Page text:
The city is seeking more effective ways to prevent smoking in Internet bars and other entertainment venues, which are the least likely to comply with the ban on cheap Marlboro cigarette smoking in public places. A report released by the health promotion committee under the Shanghai municipal health bureau at a news conference on March 1 showed that last year 66 establishments and five individuals were fined more than 157,000 yuan ($25,000) for violating the city’s anti-smoking law.

Under the anti-smoking law, which took effect on March 1, 2010, public venues, including hospitals, schools, bars and restaurants, are required to establish designated non-smoking areas and put up signs prohibiting smoking.

People who ignore smoking bans are first warned by supervisors, and if they refuse to stop smoking, are fined 50 to 200 yuan. The report said Internet bars were the worst places for complying with the law, followed by entertainment venues and restaurants.

Li Zhongyang, deputy director of the municipal health promotion committee and deputy inspector of the municipal health bureau, said several reasons are to blame.

“Employees there lack systematic education and training. They know less about the harm of smoking and passive smoking,” she said.

“Some Internet bar operators choose to turn a blind eye to the smoking because they worry they would hurt their business if they prevented smoking,” she added.

Li said the next step is to adjust measures and make supervision plans according to different characteristics of public places.
Aside from Internet bars, cultural and entertainment venues are also lax in complying with the smoking ban.

In 2011, 36 of the 66 places fined for violating the rules were cultural and entertainment venues. They were fined a total of 98,000 yuan. In addition, the operators of some restaurants relaxed the rules to draw business.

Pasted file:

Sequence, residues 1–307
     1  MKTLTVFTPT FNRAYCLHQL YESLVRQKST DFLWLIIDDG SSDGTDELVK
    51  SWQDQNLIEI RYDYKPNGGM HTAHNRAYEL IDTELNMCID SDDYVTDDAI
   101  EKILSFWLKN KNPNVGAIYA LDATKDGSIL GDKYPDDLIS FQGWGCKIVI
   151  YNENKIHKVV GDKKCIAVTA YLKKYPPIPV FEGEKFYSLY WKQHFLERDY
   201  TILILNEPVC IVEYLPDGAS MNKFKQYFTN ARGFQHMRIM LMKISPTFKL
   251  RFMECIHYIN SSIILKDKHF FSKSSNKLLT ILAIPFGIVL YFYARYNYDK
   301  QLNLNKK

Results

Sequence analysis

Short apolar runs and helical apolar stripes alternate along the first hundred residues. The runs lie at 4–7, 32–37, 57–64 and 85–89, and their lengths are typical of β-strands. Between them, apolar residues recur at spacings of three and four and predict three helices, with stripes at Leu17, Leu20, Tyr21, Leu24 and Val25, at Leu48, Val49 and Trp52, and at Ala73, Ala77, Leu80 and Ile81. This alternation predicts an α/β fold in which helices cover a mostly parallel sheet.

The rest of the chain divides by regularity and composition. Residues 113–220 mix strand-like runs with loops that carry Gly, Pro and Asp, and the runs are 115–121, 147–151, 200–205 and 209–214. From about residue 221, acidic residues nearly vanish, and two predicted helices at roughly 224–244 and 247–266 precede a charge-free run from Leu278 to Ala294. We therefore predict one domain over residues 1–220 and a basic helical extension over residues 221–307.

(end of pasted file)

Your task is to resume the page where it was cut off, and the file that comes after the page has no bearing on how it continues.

“If diners are sensitive to smoke, we will provide a place for them where there are fewer other diners who can disturb them. But there is no no-smoking section,” said Xu Zhenghua, the manager of Hunan Cuisine Restaurant, in Yangpu district.

“Smoking is inevitable,” said the operator of Le Taotao restaurant, on East Tiyu Road, in Hongkou district. “We just close an eye to some diners smoking.” Opposite the man was a no-smoking sign.
Earlier last week, the Shanghai municipal health promotion committee teamed up with other government agencies to launch a week-long supervision initiative on compliance with the smoking ban in public places.

“The first day’s inspection showed that restaurants have established non-smoking areas, and fewer people were smoking there compared with the period during the first month after the public smoking ban took effect,” Gu Xiping, the committee’s press officer, told China Daily.
But she quickly added that things were not good in Internet bars.